The secondary analysis examined the impact of the psychiatry course on the overall OMS-HC scores. The analysis included respondents who had completed the baseline (T1) and post-course surveys (T3). Negative scores correlate with less stigma. The psychiatry course was associated with a significant overall decrease in change scores: -4.4 OMS-HC points (95% CI: -5.8 to -3.1; p<0.0001), suggestive of less stigma upon course completion. An analysis of differences between T2 (start of the course but after one group received an intervention) and the end of the course (T3) also showed a significant overall decrease in change scores for both groups. An exploratory analysis found that covariates (age, sex, previous mental health electives, receiving treatment for a mental illness, treating a patient with a mental illness) did not predict post-course stigma scores. Stigma ratings at the 3-month follow-up remained significantly lower than baseline ratings and were not significantly different from scores at the end of the course.
Attitudes and disclosure/help-seeking sub-scales
Additional analysis examined the impact of the course on two sub-scales : 1) attitudes towards people with mental illness and 2) disclosure and help seeking (Additional file 1). The psychiatry course was associated with a significant overall decrease (improvement) in both attitude items [-1.6 OMS-HC points (95% CI: -2.2 to -1.0; p<0.0001)] and disclosure items [-2.3 OMS-HC points (95% CI: -2.9 to -1.7; p<0.0001)].
Attitudes towards mental illness vs type 2 diabetes mellitus
Interest in psychiatry
There was an increased interest in psychiatry as a career upon completion of the course. Of those that replied to the first three surveys, 25 students indicated that “yes” they would consider a career in psychiatry prior to the start of the course. This decreased to 13 after the first patient presentation and increased to 28 upon course completion.
Evaluation of the course and course components
Additional questions were asked at the end of the course (T3) to assess medical student perceptions of the course and its impact on their attitudes and behaviors (n = 174). The vast majority of students (89%, CI: 82.9-95.1%) thought that the course was “useful in reducing prejudice and discrimination against people with mental illness” and two thirds (66%, 95% CI: 56.8%-75.2%) thought that their “behavior towards people with mental illness will be different than what it would have been before Course VII”. The two contact-based educational methods emerged with the highest rankings when students ranked the effectiveness of each teaching method for learning about people with mental illness: 49% ranked the clinical correlations as “extremely effective” compared with 26 % for the patient presentations, clinical cases (18%), didactic teaching (4%) and movie night (3%). The students also ranked the clinical correlations component as having the greatest impact on increasing their confidence in working with people with mental illness: 58% strongly agreed vs 40% for didactic teaching and 33% for patient presentation (additional data not shown).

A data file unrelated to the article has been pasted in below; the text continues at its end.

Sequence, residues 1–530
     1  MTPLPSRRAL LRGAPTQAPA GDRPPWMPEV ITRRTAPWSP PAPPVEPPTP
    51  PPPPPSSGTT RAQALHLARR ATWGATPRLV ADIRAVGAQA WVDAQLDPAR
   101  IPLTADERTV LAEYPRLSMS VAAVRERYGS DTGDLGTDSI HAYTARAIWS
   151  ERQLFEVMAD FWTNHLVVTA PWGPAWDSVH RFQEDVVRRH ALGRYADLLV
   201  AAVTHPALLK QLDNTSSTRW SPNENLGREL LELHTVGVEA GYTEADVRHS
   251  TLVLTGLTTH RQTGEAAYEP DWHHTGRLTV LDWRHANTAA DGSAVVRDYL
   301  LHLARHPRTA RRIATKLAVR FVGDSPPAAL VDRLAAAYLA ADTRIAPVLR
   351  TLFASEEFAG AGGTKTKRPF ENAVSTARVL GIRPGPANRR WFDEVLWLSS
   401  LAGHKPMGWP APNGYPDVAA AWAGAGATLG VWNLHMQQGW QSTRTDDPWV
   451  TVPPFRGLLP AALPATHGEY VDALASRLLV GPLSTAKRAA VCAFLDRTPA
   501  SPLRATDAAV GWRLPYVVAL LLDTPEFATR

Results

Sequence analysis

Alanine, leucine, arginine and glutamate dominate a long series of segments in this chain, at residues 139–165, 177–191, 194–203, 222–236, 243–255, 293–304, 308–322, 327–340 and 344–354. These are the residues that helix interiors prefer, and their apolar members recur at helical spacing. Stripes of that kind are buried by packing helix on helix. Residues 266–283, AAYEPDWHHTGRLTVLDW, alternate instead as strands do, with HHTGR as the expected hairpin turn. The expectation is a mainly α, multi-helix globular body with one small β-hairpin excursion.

This study is novel in its use of a cluster randomized control trial to evaluate contact-based educational interventions aimed at reducing the stigma of mental illness among medical students. The results support previous findings which show that medical students do carry a stigma towards mental illness [17, 19]. It also supports the notion that comprehensive medical education can be effective in reducing the stigma of mental illness and can increase medical students’ confidence in working with people with mental illness. These results suggest that it is possible to create an environment in which medical student attitudes towards mental illness can be shifted in a positive direction. However, despite the improvement in attitudes, the stigma towards mental illness remained greater than that for a stigmatized physical illness , type 2 diabetes mellitus.
In contrast to the positive impact of the course, the evidence was less robust that one-time contact-based educational sessions can alter medical student attitudes towards mental illness as an effect was only evident in post-hoc analysis. Although contact-based education has been proposed as a key component in stigma reduction strategies [1, 24, 50, 51] contact alone may be insufficient to significantly alter medical student attitudes towards mental illness. Some have suggested that the type of contact needs to be appropriate, where, for example, patients must be seen as having equal status  and where the person has successfully recovered from a mental illness . Thus perhaps the patient presentations in this study were not adequate in disconfirming stereotypes of people with mental illness or the study was underpowered.